Malala Yousafzai is moving into television in a deal with Apple which will see the Nobel Peace Prize winner make comedies, documentaries and children's shows for the tech giant's streaming service Apple TV+.
The 23-year-old Pakistani activist, who survived a Taliban assassination attempt as a teenager and graduated from Oxford last summer, will produce shows with her new production studio Extracurricular that aim to 'inspire people around the world'.
Some of the content will focus on Malala's own campaign for girls' education, but she will also work on dramas, comedies and animated series in what Apple described as a 'multi-year partnership'.
She joins the likes of Oprah Winfrey and Steven Spielberg on Apple's list of big-name recruits in the so-called 'streaming wars' with rivals including Netflix, HBO and Amazon Prime.
Malala said her newly-founded production company would look to recruit 'women, young people, writers and artists' to 'reflect the world as they see it'.
'I believe in the power of stories to bring families together, forge friendships, build movements, and inspire children to dream,' she said.
Malala started blogging for the BBC when she was 12, writing under a pen name about living under the rule of the Taliban in Pakistan.
The militants had gained a significant foothold Pakistan's Swat Valley and imposed a fundamentalist version of Islam which banned education for girls.
Malala's campaign for education rights won her widespread attention but drew the wrath of the Taliban, whose leadership ordered her murder.
In October 2012, she was shot on board a bus by a Taliban hitman whose bullet struck near her left eye, went through her neck and lodged in her shoulder.
She recovered after months of treatment at home and abroad, propelling her to international fame.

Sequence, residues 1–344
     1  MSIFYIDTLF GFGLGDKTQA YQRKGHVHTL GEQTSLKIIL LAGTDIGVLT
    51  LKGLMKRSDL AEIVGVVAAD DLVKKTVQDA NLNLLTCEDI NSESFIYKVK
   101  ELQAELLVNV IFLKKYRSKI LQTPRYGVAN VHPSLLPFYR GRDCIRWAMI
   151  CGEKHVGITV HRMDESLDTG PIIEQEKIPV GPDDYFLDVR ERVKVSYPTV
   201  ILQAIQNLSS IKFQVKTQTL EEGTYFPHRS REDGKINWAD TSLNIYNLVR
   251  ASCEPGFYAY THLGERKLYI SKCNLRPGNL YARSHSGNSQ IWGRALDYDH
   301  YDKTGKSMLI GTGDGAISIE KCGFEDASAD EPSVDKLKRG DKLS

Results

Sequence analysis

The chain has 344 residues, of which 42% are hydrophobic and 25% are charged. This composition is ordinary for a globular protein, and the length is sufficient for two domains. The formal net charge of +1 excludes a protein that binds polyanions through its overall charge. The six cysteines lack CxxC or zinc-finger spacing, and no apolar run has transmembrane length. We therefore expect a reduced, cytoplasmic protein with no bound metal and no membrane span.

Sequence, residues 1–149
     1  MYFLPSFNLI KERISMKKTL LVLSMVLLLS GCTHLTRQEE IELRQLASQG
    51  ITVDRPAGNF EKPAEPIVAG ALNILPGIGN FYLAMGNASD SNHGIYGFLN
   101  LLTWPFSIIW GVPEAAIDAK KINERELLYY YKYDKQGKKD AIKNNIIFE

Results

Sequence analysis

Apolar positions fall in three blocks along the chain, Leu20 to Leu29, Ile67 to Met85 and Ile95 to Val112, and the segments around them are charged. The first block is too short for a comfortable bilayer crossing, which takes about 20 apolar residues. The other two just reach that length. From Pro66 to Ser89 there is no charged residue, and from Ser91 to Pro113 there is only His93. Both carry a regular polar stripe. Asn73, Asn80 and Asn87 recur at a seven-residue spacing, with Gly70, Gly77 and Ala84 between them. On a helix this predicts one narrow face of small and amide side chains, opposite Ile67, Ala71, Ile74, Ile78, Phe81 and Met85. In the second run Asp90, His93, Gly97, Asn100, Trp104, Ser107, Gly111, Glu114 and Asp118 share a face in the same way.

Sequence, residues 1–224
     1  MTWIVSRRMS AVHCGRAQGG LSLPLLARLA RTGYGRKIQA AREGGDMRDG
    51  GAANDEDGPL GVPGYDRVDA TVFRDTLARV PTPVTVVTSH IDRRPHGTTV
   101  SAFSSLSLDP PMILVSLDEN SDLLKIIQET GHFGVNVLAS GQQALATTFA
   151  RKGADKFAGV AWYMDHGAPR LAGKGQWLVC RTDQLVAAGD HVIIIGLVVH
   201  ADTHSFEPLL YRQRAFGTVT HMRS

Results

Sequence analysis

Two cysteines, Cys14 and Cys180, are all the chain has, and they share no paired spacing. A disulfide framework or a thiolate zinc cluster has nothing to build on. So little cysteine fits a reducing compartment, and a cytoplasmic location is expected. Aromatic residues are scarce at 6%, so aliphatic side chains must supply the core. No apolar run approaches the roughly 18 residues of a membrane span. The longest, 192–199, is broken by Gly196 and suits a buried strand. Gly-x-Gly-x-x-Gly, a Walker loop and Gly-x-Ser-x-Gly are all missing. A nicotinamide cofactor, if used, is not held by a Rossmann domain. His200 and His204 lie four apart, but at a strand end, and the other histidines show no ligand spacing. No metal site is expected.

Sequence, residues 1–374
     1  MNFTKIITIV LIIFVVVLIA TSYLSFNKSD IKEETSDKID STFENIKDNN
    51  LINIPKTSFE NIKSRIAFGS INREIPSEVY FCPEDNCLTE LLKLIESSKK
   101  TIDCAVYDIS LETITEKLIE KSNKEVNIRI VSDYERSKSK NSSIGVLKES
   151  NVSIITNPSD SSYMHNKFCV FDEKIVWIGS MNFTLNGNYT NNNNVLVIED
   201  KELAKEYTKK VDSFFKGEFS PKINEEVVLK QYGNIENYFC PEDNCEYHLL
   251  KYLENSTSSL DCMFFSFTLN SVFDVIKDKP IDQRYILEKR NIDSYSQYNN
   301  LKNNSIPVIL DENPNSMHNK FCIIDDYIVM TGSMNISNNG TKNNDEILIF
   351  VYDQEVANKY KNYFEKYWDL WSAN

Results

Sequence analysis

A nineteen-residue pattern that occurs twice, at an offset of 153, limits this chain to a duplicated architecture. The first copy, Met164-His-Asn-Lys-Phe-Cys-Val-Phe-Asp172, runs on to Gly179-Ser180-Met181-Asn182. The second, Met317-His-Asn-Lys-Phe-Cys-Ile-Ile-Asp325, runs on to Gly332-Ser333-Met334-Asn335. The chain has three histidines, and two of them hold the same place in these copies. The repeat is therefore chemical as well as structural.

In 2014, she became the youngest-ever Nobel Peace Prize laureate at aged 17, and her best-selling memoir I Am Malala was published the same year.
Last summer she finished her PPE degree at Oxford, saying what lay ahead was 'Netflix, reading and sleep'.
But she now says she is 'exploring ideas' for her suite of productions with Apple - adding that she has laughed along to cartoons since she was a child.
'In my childhood, it was Cartoon Network and, you know, seeing Tom and Jerry, Courage, Scooby Doo and all of those TV cartoon shows,' she said.
'When you are a child - and especially when terrorism started - to know that there is sort of this world in cartoons where you can escape from the reality around you and just giggle and laugh and just entertain yourself.'
She added: 'You know, I have been watching comedy movies from Bollywood to Hollywood, and I am a big fan of animation as well.
'I have not missed a single animation movie. It just keeps you engaged and entertained and also gives you very beautiful messages.'
Asked about planned documentaries, she said some of the content would cover 'my own journey' as well as 'the incredible girls that I meet'.
But she added: 'I'm still at the stage where I'm exploring ideas. I can tell you that there are so many incredible ideas and it's so difficult to pick and choose one.'
Apple produced a documentary about Malala in 2015 and teamed up with her Malala Fund in 2018 to promote secondary education to girls across the globe.
'I hope that through this partnership, I will be able to bring new voices to this platform, to this stage,' Malala said.
'I hope that through me, more young people and girls will watch these shows, get inspired.'
© Associated Newspapers Ltd.